Bad news, Bears. Coach Scott Drew brings his team to Lawrence tonight to face No. 8 KU (13-4, 4-0).

Although Baylor has won two of its last three meetings with Kansas, that success didn't come on the road. If the Bears want to achieve a program first and beat Kansas in Lawrence, where they're 0-11, they'll need productive nights from every one of their top eight players.

Cory Jefferson, No. 34

6-9, 220, jr. forward

Baylors Cory Jefferson (34) fires in a shot over Jeff Withey (5) in KU's 81-58 loss to the Baylor Bears Saturday in Waco.

Baylors Cory Jefferson (34) fires in a shot over Jeff Withey (5) in KU's 81-58 loss to the Baylor Bears Saturday in Waco. by Mike Yoder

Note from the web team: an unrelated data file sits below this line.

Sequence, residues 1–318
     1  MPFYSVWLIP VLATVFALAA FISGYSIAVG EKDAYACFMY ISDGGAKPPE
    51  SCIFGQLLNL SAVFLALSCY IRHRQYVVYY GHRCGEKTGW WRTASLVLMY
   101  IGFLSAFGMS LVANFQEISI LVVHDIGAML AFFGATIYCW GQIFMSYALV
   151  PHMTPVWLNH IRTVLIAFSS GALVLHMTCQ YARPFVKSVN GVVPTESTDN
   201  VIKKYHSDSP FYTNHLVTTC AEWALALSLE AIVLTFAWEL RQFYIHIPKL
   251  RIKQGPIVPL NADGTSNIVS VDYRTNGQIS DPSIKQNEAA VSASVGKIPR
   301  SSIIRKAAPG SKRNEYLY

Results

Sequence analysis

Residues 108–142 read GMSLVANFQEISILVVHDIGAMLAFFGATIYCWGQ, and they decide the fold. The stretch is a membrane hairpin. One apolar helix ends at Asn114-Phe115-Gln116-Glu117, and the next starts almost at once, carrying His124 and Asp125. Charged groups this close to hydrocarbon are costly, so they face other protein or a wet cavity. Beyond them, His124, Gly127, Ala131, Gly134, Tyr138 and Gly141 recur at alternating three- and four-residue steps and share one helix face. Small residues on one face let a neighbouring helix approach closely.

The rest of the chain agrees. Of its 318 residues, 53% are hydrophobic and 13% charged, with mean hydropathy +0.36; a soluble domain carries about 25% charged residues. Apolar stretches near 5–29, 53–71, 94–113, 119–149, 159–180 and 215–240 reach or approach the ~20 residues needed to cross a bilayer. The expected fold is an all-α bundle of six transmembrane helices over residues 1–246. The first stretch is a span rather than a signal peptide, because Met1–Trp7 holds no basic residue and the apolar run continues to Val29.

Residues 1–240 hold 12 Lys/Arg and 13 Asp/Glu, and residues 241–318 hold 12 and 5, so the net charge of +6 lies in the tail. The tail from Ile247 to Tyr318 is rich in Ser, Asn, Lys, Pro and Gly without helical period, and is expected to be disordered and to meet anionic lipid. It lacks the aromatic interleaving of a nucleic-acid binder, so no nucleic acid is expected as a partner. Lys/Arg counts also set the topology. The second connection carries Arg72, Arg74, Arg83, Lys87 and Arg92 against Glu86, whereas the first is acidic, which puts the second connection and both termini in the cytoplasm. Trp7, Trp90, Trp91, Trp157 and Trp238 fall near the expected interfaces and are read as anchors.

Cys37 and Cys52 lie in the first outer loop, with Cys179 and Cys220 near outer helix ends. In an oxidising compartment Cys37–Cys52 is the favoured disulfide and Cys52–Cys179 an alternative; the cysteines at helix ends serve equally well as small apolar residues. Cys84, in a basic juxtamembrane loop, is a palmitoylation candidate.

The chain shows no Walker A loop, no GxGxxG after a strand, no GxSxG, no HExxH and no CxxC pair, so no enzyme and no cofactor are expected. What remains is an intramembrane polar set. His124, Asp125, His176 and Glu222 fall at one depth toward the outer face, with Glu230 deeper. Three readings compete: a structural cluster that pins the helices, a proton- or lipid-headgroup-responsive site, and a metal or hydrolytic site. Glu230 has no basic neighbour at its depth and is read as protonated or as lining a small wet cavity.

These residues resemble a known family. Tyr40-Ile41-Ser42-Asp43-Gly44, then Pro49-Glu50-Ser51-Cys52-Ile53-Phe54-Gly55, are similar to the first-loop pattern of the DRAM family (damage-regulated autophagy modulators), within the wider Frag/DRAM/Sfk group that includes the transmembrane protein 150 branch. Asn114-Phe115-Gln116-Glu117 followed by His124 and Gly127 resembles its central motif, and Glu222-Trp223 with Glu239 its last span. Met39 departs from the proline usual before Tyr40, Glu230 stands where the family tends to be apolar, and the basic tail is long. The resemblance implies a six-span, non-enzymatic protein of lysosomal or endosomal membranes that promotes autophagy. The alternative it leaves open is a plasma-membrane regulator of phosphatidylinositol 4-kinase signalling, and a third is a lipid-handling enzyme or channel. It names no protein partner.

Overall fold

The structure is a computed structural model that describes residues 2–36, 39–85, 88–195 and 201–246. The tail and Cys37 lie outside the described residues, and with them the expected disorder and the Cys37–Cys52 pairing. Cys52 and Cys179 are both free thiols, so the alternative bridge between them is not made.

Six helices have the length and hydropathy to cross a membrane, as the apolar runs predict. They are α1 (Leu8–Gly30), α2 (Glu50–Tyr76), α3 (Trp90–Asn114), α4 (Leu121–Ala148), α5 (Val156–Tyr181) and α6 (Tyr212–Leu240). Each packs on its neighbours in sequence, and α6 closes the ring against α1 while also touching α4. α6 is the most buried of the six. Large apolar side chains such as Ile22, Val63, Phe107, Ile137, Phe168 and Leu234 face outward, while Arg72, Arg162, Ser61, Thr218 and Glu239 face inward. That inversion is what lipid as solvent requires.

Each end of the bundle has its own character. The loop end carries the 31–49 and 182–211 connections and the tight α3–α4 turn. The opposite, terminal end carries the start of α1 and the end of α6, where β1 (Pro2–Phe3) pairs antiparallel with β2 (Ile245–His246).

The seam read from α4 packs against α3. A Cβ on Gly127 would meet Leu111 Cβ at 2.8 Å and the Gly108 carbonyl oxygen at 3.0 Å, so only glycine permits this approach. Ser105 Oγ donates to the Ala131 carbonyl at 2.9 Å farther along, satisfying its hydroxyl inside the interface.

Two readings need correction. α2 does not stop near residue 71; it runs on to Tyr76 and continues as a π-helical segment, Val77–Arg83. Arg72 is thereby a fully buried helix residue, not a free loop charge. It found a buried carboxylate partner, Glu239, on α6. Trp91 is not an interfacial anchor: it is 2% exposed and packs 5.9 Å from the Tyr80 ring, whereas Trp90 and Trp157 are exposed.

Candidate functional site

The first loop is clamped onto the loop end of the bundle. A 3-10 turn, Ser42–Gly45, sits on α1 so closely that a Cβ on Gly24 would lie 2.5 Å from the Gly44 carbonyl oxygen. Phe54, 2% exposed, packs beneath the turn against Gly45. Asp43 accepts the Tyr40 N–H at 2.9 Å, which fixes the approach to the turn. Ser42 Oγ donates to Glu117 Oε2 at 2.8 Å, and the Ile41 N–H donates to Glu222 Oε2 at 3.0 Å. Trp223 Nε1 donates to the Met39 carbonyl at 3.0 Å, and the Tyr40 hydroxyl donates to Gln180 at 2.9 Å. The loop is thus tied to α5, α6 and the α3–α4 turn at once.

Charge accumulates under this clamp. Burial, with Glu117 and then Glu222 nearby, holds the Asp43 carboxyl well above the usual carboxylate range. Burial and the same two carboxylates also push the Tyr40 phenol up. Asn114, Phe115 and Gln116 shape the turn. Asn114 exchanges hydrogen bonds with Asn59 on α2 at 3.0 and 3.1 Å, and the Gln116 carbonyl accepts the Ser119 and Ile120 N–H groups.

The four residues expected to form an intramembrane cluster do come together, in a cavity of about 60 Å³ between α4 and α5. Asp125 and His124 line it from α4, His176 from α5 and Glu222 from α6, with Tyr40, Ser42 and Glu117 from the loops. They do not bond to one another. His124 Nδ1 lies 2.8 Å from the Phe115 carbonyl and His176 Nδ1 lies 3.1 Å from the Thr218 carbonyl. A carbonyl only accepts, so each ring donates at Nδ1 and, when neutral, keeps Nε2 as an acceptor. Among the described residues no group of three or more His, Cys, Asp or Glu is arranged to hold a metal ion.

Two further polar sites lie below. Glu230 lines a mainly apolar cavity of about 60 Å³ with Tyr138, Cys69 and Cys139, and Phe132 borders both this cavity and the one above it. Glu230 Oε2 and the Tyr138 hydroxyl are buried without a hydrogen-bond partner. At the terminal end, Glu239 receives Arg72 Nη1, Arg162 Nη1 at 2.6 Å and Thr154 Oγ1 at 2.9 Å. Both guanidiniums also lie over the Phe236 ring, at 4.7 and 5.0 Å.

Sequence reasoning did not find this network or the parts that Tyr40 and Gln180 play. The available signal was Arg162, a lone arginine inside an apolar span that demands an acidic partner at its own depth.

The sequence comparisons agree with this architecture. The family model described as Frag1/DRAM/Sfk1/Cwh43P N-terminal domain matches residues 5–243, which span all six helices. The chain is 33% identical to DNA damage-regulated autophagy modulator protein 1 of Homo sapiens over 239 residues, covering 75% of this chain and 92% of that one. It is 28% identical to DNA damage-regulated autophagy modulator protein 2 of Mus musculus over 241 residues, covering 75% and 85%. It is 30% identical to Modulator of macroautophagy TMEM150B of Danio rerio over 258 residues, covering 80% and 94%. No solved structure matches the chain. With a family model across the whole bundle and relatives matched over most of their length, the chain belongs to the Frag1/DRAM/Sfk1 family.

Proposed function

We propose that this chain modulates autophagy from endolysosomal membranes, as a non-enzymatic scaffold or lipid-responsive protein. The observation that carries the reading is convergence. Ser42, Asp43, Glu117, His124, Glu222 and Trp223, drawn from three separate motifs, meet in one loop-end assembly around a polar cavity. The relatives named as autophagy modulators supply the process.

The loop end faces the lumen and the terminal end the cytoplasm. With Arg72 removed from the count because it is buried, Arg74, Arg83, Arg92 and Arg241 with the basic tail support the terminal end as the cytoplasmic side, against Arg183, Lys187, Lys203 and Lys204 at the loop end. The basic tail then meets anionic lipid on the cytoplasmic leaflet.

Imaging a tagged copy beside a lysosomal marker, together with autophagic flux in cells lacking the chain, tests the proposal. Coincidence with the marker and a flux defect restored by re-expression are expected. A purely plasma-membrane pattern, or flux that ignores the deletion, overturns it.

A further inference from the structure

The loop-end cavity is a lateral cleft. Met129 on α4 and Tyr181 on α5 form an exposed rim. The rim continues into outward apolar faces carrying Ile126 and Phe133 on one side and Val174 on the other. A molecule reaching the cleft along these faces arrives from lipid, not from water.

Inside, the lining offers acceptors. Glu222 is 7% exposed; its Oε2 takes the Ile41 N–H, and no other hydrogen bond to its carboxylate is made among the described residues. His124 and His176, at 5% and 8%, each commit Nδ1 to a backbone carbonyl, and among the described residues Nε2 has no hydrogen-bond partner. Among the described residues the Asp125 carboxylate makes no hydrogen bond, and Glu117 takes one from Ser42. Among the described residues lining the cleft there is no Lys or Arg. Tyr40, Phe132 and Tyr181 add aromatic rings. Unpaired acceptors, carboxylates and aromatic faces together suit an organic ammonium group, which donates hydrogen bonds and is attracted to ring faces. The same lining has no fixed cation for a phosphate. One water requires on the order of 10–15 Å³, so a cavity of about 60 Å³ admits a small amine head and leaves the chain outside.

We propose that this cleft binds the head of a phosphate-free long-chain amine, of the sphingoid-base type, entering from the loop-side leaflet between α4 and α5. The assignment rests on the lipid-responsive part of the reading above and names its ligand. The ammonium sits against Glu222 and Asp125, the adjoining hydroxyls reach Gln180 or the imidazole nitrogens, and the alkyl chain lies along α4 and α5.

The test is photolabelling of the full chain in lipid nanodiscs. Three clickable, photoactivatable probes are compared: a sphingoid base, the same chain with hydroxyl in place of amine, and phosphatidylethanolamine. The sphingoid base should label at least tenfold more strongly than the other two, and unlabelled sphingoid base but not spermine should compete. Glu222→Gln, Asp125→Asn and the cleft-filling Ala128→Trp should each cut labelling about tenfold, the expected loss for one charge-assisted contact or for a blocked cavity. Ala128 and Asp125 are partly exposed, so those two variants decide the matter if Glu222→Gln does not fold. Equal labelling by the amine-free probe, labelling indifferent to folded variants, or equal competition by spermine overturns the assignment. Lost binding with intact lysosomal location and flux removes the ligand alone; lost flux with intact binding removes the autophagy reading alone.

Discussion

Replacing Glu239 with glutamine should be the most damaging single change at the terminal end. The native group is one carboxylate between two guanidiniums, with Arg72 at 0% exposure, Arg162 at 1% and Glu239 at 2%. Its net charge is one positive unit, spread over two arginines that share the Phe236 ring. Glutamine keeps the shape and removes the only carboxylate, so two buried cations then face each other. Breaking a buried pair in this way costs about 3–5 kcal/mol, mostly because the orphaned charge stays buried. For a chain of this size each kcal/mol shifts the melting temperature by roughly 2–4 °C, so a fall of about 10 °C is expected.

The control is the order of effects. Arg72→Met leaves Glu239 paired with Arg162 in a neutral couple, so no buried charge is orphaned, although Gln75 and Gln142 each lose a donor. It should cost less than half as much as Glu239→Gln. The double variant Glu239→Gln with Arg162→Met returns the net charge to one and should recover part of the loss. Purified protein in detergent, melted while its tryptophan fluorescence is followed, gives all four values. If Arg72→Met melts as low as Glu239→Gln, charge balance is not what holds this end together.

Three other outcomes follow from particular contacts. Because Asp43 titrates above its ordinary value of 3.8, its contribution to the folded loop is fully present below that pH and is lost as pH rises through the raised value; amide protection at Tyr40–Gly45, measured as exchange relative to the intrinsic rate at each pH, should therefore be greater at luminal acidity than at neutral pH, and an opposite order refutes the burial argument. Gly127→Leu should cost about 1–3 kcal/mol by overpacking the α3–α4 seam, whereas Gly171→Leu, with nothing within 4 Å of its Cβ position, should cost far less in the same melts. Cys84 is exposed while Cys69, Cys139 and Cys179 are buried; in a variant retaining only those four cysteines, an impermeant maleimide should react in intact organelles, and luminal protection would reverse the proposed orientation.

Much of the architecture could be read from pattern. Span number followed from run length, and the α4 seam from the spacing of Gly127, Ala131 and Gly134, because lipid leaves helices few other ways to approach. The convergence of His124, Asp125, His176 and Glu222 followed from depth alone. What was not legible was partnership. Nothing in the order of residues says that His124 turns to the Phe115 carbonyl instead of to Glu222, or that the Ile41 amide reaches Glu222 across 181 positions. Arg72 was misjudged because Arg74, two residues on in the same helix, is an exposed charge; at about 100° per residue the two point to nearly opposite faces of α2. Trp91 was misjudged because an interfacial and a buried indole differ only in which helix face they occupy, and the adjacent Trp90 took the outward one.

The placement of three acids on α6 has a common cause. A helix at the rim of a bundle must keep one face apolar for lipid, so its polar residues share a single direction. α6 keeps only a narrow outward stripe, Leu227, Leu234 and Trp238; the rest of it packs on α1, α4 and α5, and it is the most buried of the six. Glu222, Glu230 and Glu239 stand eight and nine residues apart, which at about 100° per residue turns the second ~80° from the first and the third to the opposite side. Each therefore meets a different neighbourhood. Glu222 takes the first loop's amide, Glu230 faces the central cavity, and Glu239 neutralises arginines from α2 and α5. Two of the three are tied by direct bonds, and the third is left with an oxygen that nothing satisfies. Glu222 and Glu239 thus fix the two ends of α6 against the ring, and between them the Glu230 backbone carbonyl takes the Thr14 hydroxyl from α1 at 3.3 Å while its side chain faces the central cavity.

A fifth-year senior, Jefferson has emerged as Baylor's most reliable scorer. He has reached double figures in 21 of his previous 24 games (dating back to last season) and has 17 double-doubles in his career, with six coming this season.

Baylor is 35-9 all-time when Jefferson reaches double digits in points, and he averages 13.1 a game this season on 53.1-percent shooting, to go with 8.4 rebounds.

http://www.youtube.com/watch?v=7dCX6-_b8ts

Kenny Cherry, No. 1

5-11, 180, jr. guard

The lead guard contributes 11.9 points a game, but his play-making is even more valuable for Baylor. While Cherry has 16 three-pointers on 51 tries, he leads the team with 5.1 assists an outing.

For 12 straight games, Cherry's assists numbers have outweighed his turnover totals. In the past six games, his assist-to-turnover ratio sits at 28-to-6.